To Identify Terrorism — A Consequential Ambiguity

  • Kathryn Marie Fisher
Part of the New Security Challenges book series (NSECH)


An essential question for studies and practices on counterterrorism is to ask how particular oppositional identity constructions come to be temporarily stabilized and accepted as bounded entities given the propensity of such configurations to frequently (mis)guide collective meaning and action.1 As explained by James Der Derian, “for one reason or many — or, as we seem forced to relearn in every generation, for no reason at all — they come to be recognized as the ‘other’: the barbarian, infidel, heretic, savage, revolutionary, traitor; the racist, sexist, lunatic, alien cyborg. In turn, our collective identity — citizens, patriots, believers — becomes dependent upon these differences”.2 Our task here is to interrogate such mutually reinforcing perceptions of difference so that any damaging dependencies through which they are formed and continually reproduced can be appropriately disrupted. As much as identities may seem to indicate timeless truths or essences and exert formidable power over outcomes, identity is not about “a false consciousness opposed to a true one”.3 Instead, what we understand as identities results from ongoing processes of meaning making influenced by social structures and agential decision making: it would be a mistake to privilege structure or agency; the key is to somehow analytically manage both in considering how different outcomes have come to be in the way that they have.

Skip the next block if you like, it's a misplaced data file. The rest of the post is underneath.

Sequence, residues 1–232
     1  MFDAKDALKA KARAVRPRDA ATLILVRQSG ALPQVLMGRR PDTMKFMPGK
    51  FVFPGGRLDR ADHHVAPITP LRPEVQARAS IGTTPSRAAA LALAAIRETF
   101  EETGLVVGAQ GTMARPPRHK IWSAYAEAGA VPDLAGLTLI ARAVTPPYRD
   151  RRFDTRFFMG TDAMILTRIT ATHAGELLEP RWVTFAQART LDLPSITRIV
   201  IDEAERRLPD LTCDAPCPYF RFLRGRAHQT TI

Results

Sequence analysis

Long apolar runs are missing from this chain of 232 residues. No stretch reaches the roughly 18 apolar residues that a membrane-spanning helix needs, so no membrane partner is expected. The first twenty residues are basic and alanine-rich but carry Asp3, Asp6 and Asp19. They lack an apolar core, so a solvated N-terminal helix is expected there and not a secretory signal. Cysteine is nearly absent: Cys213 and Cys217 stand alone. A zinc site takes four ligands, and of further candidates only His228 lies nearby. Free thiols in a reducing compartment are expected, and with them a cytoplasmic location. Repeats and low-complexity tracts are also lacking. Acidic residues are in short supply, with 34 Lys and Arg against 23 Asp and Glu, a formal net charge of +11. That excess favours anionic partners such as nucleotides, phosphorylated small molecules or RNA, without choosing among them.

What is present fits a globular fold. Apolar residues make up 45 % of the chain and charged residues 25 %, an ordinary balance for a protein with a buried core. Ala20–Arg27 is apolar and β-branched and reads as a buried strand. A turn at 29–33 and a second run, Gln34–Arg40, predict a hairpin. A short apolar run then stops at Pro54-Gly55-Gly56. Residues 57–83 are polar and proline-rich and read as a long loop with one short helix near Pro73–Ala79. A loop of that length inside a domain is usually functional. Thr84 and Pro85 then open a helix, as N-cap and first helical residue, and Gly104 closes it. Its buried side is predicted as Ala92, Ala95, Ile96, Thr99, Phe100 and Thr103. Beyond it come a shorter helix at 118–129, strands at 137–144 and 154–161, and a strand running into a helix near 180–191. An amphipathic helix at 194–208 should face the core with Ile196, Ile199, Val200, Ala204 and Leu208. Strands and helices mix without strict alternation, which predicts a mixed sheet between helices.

Liberal Democrat Party Identity Construction International Terrorism Terrorist Threat Official Discourse 
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Copyright information

© Kathryn Marie Fisher 2015

Authors and Affiliations

  • Kathryn Marie Fisher
    • 1
  1. 1.National Defense UniversityUSA

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